10th Century B.C., The Oldest Record of Epilepsy
The "Sakikku," a medical document written in Babylonian cuneiform, has the earliest complete description of epilepsy.
International Epilepsy Day is a yearly event co-organized by the International Bureau for Epilepsy (IBE) and the International League Against Epilepsy (ILAE) to raise awareness about epilepsy and its impact on individuals, families, and communities worldwide. It falls on second Monday of February and for year 2023, the day will be celebrated on 13th February.
One of the oldest known medical diseases in the world, epilepsy has been documented from the dawn of written history. it was viewed as a spiritual issue back then. A person who underwent an exorcism while being possessed by a moon deity is mentioned in a prehistoric Mesopotamian manuscript from 2000 B.C. Seizures were ascribed to demonic possession by the ancient Babylonians. Epilepsy was seen by the ancient Greeks as a form of spiritual possession, but they also connected it to genius and heavenly interventions.
Epilepsy stigma is a historical issue as well. People in ancient Rome did not share plates or pots with those who had epilepsy whether they were eating or drinking. In several regions of Africa up until the second half of the 20th century, epilepsy was thought to be contagious and the result of possession, witchcraft, or poisoning.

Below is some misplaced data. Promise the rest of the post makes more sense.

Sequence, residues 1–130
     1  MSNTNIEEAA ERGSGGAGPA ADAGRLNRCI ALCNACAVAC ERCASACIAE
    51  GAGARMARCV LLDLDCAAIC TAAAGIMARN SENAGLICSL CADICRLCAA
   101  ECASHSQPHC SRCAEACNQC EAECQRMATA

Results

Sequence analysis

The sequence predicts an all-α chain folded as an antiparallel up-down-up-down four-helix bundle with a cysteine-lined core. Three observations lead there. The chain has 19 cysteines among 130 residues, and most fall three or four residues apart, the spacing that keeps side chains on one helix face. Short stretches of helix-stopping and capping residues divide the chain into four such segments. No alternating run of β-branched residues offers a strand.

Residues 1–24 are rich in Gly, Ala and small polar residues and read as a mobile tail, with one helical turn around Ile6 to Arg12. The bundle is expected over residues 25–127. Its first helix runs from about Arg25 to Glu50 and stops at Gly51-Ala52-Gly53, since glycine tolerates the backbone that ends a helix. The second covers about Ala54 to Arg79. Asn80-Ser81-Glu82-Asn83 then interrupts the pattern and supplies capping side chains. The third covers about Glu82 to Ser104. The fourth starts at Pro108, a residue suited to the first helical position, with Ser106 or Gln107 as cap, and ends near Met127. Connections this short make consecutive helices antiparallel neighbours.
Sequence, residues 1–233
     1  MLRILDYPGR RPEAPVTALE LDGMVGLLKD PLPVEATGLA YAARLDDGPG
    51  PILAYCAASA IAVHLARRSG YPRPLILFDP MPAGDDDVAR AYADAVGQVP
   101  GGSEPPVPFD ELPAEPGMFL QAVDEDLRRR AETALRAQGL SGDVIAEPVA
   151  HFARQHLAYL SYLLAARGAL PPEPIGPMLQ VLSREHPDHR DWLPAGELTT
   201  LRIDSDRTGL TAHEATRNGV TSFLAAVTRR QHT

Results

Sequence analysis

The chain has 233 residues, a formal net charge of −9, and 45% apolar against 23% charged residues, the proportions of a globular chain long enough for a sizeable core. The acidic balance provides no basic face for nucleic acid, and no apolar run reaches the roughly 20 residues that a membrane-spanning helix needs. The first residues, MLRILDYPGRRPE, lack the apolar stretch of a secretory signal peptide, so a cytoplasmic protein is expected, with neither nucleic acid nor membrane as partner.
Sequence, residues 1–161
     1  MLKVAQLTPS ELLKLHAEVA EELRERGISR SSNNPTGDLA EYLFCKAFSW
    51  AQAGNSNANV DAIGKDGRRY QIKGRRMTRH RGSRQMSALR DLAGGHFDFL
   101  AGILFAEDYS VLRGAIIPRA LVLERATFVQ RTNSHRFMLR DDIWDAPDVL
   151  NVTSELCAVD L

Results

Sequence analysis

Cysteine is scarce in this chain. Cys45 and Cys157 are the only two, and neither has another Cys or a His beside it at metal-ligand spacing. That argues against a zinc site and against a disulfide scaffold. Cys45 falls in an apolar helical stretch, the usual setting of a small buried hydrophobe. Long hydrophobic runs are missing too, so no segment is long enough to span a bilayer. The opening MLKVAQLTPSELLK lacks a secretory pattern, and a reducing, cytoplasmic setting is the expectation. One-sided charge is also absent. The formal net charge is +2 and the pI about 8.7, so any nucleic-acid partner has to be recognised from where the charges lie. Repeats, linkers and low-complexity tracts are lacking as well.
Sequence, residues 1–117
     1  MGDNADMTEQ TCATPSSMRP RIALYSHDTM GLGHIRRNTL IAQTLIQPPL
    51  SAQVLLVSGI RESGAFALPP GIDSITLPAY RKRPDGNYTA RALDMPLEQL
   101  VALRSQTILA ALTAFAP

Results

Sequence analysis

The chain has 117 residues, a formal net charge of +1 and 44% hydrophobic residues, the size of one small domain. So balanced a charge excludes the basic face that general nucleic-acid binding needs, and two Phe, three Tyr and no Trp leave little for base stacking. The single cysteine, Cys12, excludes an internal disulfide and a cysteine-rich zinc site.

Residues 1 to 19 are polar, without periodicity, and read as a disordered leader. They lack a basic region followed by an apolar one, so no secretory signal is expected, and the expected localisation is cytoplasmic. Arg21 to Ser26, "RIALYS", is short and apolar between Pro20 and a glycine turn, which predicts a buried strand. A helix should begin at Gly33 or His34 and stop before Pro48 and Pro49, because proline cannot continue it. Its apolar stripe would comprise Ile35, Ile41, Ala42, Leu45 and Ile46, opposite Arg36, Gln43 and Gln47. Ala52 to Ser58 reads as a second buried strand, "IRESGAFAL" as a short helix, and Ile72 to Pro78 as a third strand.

Today, more than 120 nations throughout the world observe International Epilepsy Day.
Epilepsy is broadly classified into generalized and partial epilepsies.
Tonic spasm of all body muscles—clonic jerking followed by prolonged sleep and depression of all CNS functions.
Momentary loss of consciousness, patient apparently freezes and stares in one direction, no muscular component or little bilateral jerking.
Unconsciousness with relaxation of all muscles due to excessive inhibitory discharges. Patient may fall.
Like momentary contraction of muscles of a limb or the whole body.
Convulsions are confined to a group of muscles or localized sensory disturbance without loss of consciousness.
Attacks of bizarre and confused behaviour and purposeless movements, emotional changes lasting 1–2 min, and impairment of consciousness.
The partial seizure occurs first and evolves into generalized tonic-clonic seizures with loss of consciousness.